The spinner and propeller assemblies are not so good. The shape of the spinners lack the subtle curves of the real items, with the shape of the common blunt spinner being particularly poor.

 

 

The prominent propeller hubs are missing the busy spline detail so obvious on the full-sized aircraft too.

 

 

The oil cooler housing under the nose is clearly oversized, especially in width.

 

 

The canopy parts are noticeably too wide, and they flare out slightly toward the front. The overly pronounced width carries over from the cockpit opening to the top of the canopy. On the canopy centre section, the part seems to be up to 2mm too wide at the base and around 3mm too wide at the top. It looks broad and flat as a result.

 

 

I think the problem stems from another issue with the fuselage. On the real Messerschmitt Bf 109, the fuselage area immediately aft of the wing root (fuselage Station 2) transitions at a smooth angle from the bottom to the side of the fuselage. The fuselage then gently tapers inward to the cockpit opening and the top of the fuselage. On the real aircraft, the taper is constant for the length of the cockpit opening (i.e. the width of the cockpit opening is the same at the front as it is at the rear). Trumpeter's fuselage features a very sharp (almost right-angled) transition from the bottom to the side of the fuselage at Station 2, and the side does not taper inward far enough.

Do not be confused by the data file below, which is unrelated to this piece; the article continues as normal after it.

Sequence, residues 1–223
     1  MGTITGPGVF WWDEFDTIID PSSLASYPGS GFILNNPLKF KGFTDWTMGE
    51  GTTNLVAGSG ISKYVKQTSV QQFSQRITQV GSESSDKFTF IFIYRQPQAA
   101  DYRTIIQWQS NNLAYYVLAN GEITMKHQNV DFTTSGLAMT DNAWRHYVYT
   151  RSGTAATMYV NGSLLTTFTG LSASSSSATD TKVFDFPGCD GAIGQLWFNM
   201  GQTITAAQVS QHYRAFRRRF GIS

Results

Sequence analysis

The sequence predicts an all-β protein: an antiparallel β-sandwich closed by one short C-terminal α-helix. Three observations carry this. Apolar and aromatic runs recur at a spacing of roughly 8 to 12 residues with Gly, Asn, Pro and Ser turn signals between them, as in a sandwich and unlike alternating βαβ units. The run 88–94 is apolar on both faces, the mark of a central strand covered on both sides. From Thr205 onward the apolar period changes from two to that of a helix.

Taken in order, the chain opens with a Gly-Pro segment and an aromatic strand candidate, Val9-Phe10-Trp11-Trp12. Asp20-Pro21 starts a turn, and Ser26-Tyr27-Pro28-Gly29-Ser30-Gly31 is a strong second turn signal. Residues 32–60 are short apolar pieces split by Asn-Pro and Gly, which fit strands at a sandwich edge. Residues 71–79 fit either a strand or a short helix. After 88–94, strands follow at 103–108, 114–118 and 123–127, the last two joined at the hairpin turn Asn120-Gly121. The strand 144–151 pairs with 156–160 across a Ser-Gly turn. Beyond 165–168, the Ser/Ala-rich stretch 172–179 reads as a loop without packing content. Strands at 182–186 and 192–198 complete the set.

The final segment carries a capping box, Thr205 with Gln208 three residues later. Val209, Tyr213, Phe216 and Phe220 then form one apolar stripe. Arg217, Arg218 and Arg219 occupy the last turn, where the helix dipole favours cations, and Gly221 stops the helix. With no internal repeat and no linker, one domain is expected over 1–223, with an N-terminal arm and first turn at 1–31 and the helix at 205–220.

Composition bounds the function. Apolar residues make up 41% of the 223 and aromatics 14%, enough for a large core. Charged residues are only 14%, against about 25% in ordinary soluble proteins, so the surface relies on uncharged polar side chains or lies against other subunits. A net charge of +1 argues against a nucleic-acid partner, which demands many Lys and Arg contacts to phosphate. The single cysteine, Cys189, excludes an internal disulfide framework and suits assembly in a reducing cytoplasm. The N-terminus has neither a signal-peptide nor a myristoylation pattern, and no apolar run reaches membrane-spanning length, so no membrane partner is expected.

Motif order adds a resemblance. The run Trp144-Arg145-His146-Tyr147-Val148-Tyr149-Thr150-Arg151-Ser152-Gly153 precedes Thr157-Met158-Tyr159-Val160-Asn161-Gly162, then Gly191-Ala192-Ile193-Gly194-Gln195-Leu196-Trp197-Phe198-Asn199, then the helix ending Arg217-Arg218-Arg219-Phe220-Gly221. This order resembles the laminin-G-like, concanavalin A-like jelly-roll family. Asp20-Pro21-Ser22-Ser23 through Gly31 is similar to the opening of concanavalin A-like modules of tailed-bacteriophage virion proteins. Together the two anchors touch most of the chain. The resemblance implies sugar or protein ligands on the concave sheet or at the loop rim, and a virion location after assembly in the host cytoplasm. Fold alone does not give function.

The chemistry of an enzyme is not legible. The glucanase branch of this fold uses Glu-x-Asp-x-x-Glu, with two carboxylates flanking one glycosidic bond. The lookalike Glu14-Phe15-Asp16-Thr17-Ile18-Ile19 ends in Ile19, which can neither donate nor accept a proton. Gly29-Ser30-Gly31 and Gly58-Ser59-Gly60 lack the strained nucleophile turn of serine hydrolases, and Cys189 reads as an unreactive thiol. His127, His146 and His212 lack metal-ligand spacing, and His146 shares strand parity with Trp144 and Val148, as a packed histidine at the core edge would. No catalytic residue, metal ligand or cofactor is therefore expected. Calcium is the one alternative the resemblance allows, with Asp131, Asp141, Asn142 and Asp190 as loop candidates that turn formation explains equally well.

The result is that the fuselage is too wide at the cockpit opening, with the inevitable compound errors on the canopy. The taper is also not constant, so the front of the cockpit opening is around 1.5mm wider than the rear.

 

 

The wheel hubs suffer from flat detail. These may be replaced by after-market items already available from a number of manufacturers.

 

 

 

 

Conclusion

 

Trumpeter's 1/32 scale Messerschmitt Bf 109 E-3 features state-of-the-art moulding, lots of interior detail and looks to be a pretty straightforward build but there are a surprising number of accuracy issues for such a well documented aircraft.

I suppose it really depends on what sort of modeller you are. Some will genuinely not care about the wide oil cooler and canopy, the undersized engine, the underdetailed spinner hub and wheels, and the oddities in the cockpit. If you don't care, it does not make you a lesser modeller. If that is your view, just build it.

On the other hand, if the accuracy issues do bother you, some may be fixed quite easily. You might swap out a spare spinner from an Eduard kit to replace the Trumpeter item. The cockpit can be detailed and corrected without too much trouble. nrma parraThe cowling can be glued in place to hide the small engine. The main wheels may be replaced with after-market parts. However, correcting the other issues - the oversized oil cooler housing, the transition of the bottom to the side of the fuselage and the wide canopy - are probably beyond the skills of the average (or even above average) modeller.

In summary, this is generally a nice kit but it seems a shame that Trumpeter has missed the opportunity to create the definitive 1/32 scale Messerschmitt Bf 109 E for the sake of a little extra research and want of expert feedback prior to moulding.

Thanks to J.B. Wholesalers for the sample

Text and Images Copyright 2010 by Brett Green
Page Created 28 March, 2010
Last updated 29 March, 2010